With all the attention paid last week to the drama in late night television (including on this blog), it was only natural that they would use the fiasco as fodder.  Indeed, it was encouraging at first to see Darrell Hammond return to play Jay Leno on a Larry King Live cold open.  But where the sketch succeeded in mocking King’s senility and misappropriation of social networking tools, it kind of failed in effectively mocking the late night situation.  There was the big chinned, high voice Leno impression we’ve seen everywhere (although, big points on the denim on denim outfit), and Bill Hader turned in a weird, detached, dour Conan O’Brien.  I understood that they were showing that O’Brien is the powerless victim in this situation, but they didn’t seem to get a handle on his personality (if he wasn’t going to be the crazy Conan we know, he should have been the sharp, assertive pugilist of his mission statement).  It was especially discouraging because Conan honed his chops as a writer on SNL (see: the Lady Watchers). He’s part of the family, so you’d think they could have done him justice.  The best impression was probably Jason Sudeikis’ David Letterman, who appeared via satellite.  Except, that it was the wrong David Letterman persona for this situation.  It was basically Norm MacDonald’s beloved (by us) hyena laughed, self-indulgent, pencil throwing Letterman impression (he of “you got any gum???).  And although Sudeikis did it well, throughout the late night debacle we’ve seen the other Letterman, the outraged, seething, vitriolic Dave.  Obviously, it’s not as broad of an impression, but it could have worked if they tried.  Instead, they took the easy way out.  And, come to think of it, Fred Armisen’s Larry King also owes a lot to Norm MacDonald’s own King impression (but I guess this is perhaps a topic for another post; how, after being on the air for 35 years, it’s impossible for previous versions of celebrity impressions on SNL to not to color the imitations of the same personas by new cast members).  So, really, this sketch was just a testament to the unheralded work of Norm MacDonald.  Although, that all being said, it was definitely one of the strongest opens this season.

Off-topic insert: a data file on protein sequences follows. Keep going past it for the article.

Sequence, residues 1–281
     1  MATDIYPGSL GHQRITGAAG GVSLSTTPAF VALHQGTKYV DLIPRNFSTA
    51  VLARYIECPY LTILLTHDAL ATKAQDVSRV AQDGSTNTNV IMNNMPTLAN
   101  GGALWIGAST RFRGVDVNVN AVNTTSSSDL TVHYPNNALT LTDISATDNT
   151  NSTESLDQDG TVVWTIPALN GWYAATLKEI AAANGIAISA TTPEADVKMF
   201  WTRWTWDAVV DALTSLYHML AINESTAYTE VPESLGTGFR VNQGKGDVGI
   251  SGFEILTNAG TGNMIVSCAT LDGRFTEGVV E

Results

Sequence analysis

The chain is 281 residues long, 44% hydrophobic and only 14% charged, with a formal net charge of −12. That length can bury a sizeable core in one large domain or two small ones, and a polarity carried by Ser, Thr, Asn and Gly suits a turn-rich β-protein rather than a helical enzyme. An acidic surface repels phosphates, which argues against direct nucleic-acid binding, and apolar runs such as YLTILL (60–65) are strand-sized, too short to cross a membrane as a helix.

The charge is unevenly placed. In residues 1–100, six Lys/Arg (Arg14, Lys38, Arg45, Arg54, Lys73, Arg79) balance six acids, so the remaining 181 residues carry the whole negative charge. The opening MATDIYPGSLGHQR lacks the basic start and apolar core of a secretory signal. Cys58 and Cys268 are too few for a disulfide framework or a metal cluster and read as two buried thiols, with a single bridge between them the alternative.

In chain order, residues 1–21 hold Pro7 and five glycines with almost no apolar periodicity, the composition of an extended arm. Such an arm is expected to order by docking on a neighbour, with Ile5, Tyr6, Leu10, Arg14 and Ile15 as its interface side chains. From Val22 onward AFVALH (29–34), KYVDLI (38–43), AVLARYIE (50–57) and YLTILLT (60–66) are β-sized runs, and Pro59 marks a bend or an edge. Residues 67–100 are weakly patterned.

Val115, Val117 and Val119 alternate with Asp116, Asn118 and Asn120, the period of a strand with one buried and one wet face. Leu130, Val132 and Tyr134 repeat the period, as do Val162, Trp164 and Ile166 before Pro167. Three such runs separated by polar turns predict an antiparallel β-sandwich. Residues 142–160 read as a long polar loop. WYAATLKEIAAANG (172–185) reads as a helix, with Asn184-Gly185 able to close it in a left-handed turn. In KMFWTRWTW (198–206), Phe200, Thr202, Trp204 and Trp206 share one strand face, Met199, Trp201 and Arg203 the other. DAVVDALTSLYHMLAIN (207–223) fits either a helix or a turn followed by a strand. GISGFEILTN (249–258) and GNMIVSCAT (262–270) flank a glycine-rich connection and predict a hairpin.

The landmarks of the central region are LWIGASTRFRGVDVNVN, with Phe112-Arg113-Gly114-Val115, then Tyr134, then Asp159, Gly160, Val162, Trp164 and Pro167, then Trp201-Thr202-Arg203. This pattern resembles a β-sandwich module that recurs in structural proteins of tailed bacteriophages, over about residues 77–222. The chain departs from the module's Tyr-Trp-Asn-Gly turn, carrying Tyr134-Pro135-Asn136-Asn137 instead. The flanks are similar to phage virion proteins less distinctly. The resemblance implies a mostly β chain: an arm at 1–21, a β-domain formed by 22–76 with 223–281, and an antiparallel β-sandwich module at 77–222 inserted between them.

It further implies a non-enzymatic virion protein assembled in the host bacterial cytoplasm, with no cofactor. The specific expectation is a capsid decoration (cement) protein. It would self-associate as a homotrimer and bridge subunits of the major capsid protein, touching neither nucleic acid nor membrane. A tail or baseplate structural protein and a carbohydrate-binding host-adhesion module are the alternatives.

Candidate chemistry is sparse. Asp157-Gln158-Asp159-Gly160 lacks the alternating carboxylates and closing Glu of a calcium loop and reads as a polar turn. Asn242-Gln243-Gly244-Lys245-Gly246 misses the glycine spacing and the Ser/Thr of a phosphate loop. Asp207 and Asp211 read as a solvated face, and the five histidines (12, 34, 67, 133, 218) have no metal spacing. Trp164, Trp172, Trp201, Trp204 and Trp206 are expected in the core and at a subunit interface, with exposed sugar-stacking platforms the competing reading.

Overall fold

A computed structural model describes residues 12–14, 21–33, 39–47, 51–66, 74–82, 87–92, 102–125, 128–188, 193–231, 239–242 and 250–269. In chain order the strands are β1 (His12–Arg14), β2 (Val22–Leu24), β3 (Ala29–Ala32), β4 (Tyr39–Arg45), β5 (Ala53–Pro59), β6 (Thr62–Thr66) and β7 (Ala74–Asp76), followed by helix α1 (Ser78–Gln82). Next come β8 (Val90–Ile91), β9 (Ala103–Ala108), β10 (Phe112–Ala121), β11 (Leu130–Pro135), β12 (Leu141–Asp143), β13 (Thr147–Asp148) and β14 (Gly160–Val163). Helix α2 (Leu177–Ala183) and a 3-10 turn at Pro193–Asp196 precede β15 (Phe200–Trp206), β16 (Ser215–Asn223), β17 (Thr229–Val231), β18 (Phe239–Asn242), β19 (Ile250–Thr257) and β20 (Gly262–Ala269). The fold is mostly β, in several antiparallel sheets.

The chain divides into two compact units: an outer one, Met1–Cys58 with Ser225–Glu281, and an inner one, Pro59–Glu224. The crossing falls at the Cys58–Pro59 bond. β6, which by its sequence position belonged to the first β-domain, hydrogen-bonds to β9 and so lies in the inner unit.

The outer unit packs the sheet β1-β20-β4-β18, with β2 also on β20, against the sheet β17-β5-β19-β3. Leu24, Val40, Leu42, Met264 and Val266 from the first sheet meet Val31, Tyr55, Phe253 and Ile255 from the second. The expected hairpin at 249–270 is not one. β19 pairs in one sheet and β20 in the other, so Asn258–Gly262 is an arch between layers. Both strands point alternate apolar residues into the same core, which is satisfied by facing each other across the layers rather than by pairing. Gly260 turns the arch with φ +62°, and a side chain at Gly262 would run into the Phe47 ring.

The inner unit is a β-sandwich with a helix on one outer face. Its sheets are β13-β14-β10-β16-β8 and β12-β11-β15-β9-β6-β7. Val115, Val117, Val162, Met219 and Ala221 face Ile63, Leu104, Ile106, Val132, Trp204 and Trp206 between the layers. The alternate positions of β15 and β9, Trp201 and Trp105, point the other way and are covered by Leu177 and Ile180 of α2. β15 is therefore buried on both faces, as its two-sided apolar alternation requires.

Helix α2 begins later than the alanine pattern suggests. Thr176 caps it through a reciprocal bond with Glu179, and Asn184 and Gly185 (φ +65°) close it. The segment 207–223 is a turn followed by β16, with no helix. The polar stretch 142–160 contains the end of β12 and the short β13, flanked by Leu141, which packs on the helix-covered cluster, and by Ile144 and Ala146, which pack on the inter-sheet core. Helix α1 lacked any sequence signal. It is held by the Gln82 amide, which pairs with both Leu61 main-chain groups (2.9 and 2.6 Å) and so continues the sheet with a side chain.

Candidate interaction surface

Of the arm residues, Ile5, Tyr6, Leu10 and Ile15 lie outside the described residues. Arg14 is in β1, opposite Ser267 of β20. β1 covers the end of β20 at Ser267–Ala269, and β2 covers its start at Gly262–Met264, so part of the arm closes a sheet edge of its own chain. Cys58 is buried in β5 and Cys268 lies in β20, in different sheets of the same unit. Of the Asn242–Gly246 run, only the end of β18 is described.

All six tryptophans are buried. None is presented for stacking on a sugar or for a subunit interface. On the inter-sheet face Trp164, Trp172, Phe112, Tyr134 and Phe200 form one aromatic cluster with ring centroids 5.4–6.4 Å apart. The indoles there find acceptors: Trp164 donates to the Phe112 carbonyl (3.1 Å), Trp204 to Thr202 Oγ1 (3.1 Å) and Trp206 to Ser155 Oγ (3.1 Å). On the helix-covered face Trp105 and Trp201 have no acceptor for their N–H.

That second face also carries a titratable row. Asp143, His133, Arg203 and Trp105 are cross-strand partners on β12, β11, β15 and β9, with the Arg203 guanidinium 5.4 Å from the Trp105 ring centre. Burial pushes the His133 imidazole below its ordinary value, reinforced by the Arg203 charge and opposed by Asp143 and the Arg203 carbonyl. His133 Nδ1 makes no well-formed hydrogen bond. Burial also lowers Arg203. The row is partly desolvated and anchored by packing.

Vodpod videos no longer available.

Keep reading: More Jaypocalypse jokes, Alien Vs. Laser Cats, and the worst sketch of the decade!

2 Comments

Filed under Analysis, Bad Humor, Good Humor, Saturday Night Live

Charles Barkley Hosts the Best ‘SNL’ of the Decade! No Foolin’!

Alright, that headline is an obvious and deliberately misleading statement, you got me.  However, even more than being technically correct, this weekend’s show actually earned the distinction.  I previously stated my disbelief over the choice of Barkley, NBA Hall of Famer, current commentator and compulsive gambler, as the first SNL host of the decade.  It not only seemed completely out of left field, but even if Barkley was relevant among SNL‘s core demographic, you’d think they would have still chosen someone hipper, funnier and actually from a performing background for the first show.  At least save Sir Charles for 2010 week 2.